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By Jiro O'Kada, International Protection Officer for Nonviolent Peaceforce in South Sudan.

The current chapter of my life in South Sudan began with the Nonviolent Peaceforce’s global partnership, a precursor to the current NP Alliance, which connected me through a member group in Japan.
I found an internship opportunity with NP headquarters in Brussels in 2012 through one of NP’s member organizations* in Japan. Before joining the team I had an opportunity to visit Nonviolent Peaceforce’s program in South Sudan, where I learned the practice of unarmed civilian protection (UCP) in the field. This experience provided me with valuable exposure to the many dedicated individuals who are striving for peace.

After this trip, I joined the program management team in Brussels, which supports the operation of country programs worldwide. As a program assistant intern, I learned about NP’s global-scale humanitarian mission first-hand by assisting in tasks such as field to headquarters communication, grant management, and training development for new field staff.

Read more: From Intern to Peacekeeper

As many of you will be seeing in the media, the conflict in South Sudan has once again escalated.

While some call what is happening now in Juba a return to war, what we know from being on the ground is that the violence of war that began in December 2013 has been ongoing. The fight for control, despite the signing of cease fires and peace agreements, has been fought in remote jungles and swamps throughout the young country. For the last few days, the nation’s capital, Juba, has been buffeted by extraordinary violence where the range of stakeholders, party to the peace process, have been engaging in a sustained battle for control of the city.

Read more: South Sudan update: in the face of danger

While international media attention mainly focuses on the brutal civil war in South Sudan, smaller “wars” are being waged across the country that also warrant attention and speak to the need for increased unarmed civilian protection. Nonviolent Peaceforce works in several South Sudanese communities to address local conflicts that have resulted in lives lost and increased violence against women. The inter-communal violence has worsened during the civil war because there is greater access to weapons, reduced resources and less attention to community development. Together, this has resulted in the militarization of localized conflicts.

Amongst the Dinka Agaar – as with many other communities in South Sudan – wealth is measured in cattle. The keeping and protection of cattle is a central concern and traditionally, this responsibility falls to boys/men known as ‘gelweng’. From a young age, families send their sons to live unaccompanied in remote cattle camps which can be home to thousands of cows. At present, one of the largest cattle camps in Western Lakes State – Marialbek – reportedly has more than 100,000 cows. These cows belong to separate families but are all kept together.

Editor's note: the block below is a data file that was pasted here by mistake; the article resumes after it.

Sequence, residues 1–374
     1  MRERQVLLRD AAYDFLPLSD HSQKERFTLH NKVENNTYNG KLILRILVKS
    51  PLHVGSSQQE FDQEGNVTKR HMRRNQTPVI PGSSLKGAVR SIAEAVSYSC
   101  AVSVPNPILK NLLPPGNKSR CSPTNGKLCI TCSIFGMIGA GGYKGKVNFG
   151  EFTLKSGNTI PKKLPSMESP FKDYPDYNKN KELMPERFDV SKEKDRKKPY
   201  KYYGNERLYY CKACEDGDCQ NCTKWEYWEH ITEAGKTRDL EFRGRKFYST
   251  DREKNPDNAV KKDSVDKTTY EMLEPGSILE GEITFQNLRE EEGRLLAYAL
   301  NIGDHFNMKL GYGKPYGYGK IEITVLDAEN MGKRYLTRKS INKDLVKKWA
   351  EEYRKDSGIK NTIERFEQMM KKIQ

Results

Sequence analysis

Read more: Working to Reduce Violence in Local Communities

Thursday, February 25th, the UN Security General Ban Ki-moon visited the UN Protection of Civilian (POC) Camps and specifically emphasized the need for peace agreements and their implementation in South Sudan. Nonviolent Peaceforce (NP) was invited together with other humanitarian actors who are involved in delivering services to the Juba POC camps. The Security General stated that he would do his best to support the peace process being implemented, and he also wanted to thank all the respective agencies providing protection to civilians in those camps.

This visit follows the appointment by Ban Ki-moon of a ‘High Level Independent Panel on Peace Operations,’ this past October, which concluded that “Unarmed strategies must be at the forefront of UN efforts to protect civilians. ”

In the picture above you see South Sudan Country Director Aseervatham Florington attending a conference with UN Security General Ban Ki Moon in Juba, South Sudan this past Thursday.

Nonviolent Peaceforce was invited to attend as an organization providing services and protection to internally displaced persons (IDPs) residing in the UN Protection of Civilian Camps (POCs).

Despite commitments by the warring parties in South Sudan to implement the peace agreement signed in August 2015, violent conflict continues. After over two years of war, the country’s infrastructure has been left devastated and the people of South Sudan continue to face a humanitarian crisis. The impact of the war on South Sudanese women and girls has been particularly horrific. Amidst the extraordinary rates of forced displacement, pervasive violence and breakdown of rule of law in many location, an estimated 32,000 South Sudanese women and girls are exposed to the risk of sexual violence.

There is a clear correlation between food insecurity, fuel and resource needs and gender-based violence (GBV) in South Sudan (See: South Sudan GBV Cluster, (2014) ‘Between a Rock and a hard place: Why we need to invest in GBV in food crisis? The Link between Food Security and Conflict Related Sexual Violence in South Sudan’). There are consistent and widespread reports of women and girls being raped, abducted and murdered as they leave the relative safety of camps, in order to access water, food, firewood or shelter materials (Alison Giffin et al. “Will they Protect US for the Next 10 Years: Challenges Faced by the UN Peacekeeping Mission in South Sudan,” Stimson Center, November 2014 p. 22).

Read more: Women Peacekeeping Teams working to end gender-based violence

borftr2edited“I never thought I would see my children ever again, neither did I think my children were still alive. I am the happiest man in the world and thank you humanitarians for making this possible. I will forever be grateful” – Father in South Sudan.